As a small business owner, you have the ability to make a niche product shoppers really fall in love with and can’t help but choose, as well as offer a unique shopping experience big companies can’t.
Had the woodworker replied and told me he didn’t have a solution for the tank or directed me to a website where I could order a tank and have it shipped, he would have made it easy for me to go with the other guys.
But, because he had simple solutions to all the problems I was facing, he made my decision difficult.
Of course I wanted to save money.
However, I also didn’t want to regret my purchase and be thinking about the better option I could have had, every time I look in our cabin’s backyard.
Consider your business and the options consumers have when it comes to purchasing a product like yours.
Are there any ways you can make it easier for shoppers to choose you and more difficult to choose your competitors?
Don’t just think about your competition as other handmade businesses selling a similar product; consider the competition your products are up against in all scenarios.
Most people don’t exclusively shop handmade. So you must think of ways you can sway shoppers away from their usual choice (e.g. buying soap at the grocery store) and over to buying handmade, by making it easier.
The Dollar Shave Club thought about how most people buy razor refills at the grocery store and offered a more convenient method of buying them. A new cartridge of razors is automatically shipped each month, or based on a schedule the customer chooses (biweekly, bimonthly, etc.).
You’re paying a bit more but it’s certainly easier than ordering razor refills on Amazon each time you run out or making a trip to the grocery store.
What do consumers have to choose from when shopping for a product like yours and how do other companies have a leg up on you? There’s likely an easier, more convenient, stress-free way consumers buy products like yours, and you should be aware of those ways.
Price shouldn’t be a factor you worry about too much. There will be many companies out there mass producing jewelry, soap, art, etc. and offering their products at a much lower price. But when you’re selling handmade, you shouldn’t be trying to offer the lowest price.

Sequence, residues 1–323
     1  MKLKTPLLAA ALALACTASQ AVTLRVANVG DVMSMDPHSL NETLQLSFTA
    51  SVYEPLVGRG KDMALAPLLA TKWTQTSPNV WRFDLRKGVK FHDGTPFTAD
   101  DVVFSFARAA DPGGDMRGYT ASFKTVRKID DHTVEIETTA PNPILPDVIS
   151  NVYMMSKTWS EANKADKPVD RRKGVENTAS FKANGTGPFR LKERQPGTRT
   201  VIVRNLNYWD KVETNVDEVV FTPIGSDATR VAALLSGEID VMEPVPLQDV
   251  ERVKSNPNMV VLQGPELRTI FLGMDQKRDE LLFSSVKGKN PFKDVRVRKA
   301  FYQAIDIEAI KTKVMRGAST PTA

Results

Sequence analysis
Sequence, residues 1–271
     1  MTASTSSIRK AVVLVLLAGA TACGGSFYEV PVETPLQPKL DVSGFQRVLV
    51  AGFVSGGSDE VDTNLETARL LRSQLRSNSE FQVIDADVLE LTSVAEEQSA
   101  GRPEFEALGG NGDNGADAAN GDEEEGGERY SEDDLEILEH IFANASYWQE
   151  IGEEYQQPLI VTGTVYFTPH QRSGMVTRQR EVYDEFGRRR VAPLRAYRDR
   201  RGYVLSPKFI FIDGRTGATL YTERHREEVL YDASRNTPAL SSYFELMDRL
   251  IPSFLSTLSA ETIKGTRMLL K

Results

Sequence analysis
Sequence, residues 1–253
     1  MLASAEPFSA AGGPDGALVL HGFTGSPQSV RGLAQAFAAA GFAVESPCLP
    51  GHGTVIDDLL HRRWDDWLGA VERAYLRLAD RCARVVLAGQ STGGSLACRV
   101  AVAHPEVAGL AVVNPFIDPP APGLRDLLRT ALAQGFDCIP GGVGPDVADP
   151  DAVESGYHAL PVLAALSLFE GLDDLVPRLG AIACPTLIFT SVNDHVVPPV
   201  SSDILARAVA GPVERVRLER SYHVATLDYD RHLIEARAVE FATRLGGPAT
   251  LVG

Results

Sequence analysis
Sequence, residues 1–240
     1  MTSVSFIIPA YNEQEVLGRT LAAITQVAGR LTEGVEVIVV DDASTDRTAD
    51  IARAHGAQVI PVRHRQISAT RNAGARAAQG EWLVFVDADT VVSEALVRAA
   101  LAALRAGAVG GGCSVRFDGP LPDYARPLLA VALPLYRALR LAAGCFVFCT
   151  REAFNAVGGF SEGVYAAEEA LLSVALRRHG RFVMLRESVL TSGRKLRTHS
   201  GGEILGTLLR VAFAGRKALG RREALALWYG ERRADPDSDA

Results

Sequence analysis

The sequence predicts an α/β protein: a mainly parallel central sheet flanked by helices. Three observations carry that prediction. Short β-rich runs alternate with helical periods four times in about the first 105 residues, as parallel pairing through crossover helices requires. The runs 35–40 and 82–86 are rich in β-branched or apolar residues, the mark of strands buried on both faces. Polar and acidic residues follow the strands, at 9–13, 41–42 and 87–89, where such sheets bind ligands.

Is there anything that makes situations even just the slightest bit difficult for your consumers? What might the common complaints be in your industry? What about stigmas?
For example, a car dealership must deal with the bad stigma a car salesperson has. Most consumers assume people selling cars use sleazy tactics and immediately put their guards up when approached. That’s a challenge the car dealership deals with.
Think about the hurdles you must get past to make a sale. It may be that shoppers are hesitant about your prices, don’t want to pay expensive shipping fees or don’t understand the importance of the materials/ingredients you use. Perhaps shoppers need help understanding how your product works or visualizing how it will look in their lives.
You really have to know who your customer is and get in their heads to uncover the little annoyances they deal with when shopping, buying and using a product like yours.
Forums can be a good place to find what people complain about or issues they need solutions to. A soap maker may search “skin care forum” to find platforms consumers use to discuss common skin care problems.
Once you’ve thought about the full process someone goes through when shopping, purchasing, receiving and using products similar to yours, you can brainstorm ways to make each step easier for them, thus making it more difficult to go with your competitors.
How can you sway shoppers away from the other options they have to choose from?
It’s important to not only offer convenient options but also clearly communicate them.
Had the listing for the outhouse mentioned the option to swap in a septic tank, I likely wouldn’t have even discovered the plastic porta-potty option, making the woodworker’s sale even easier.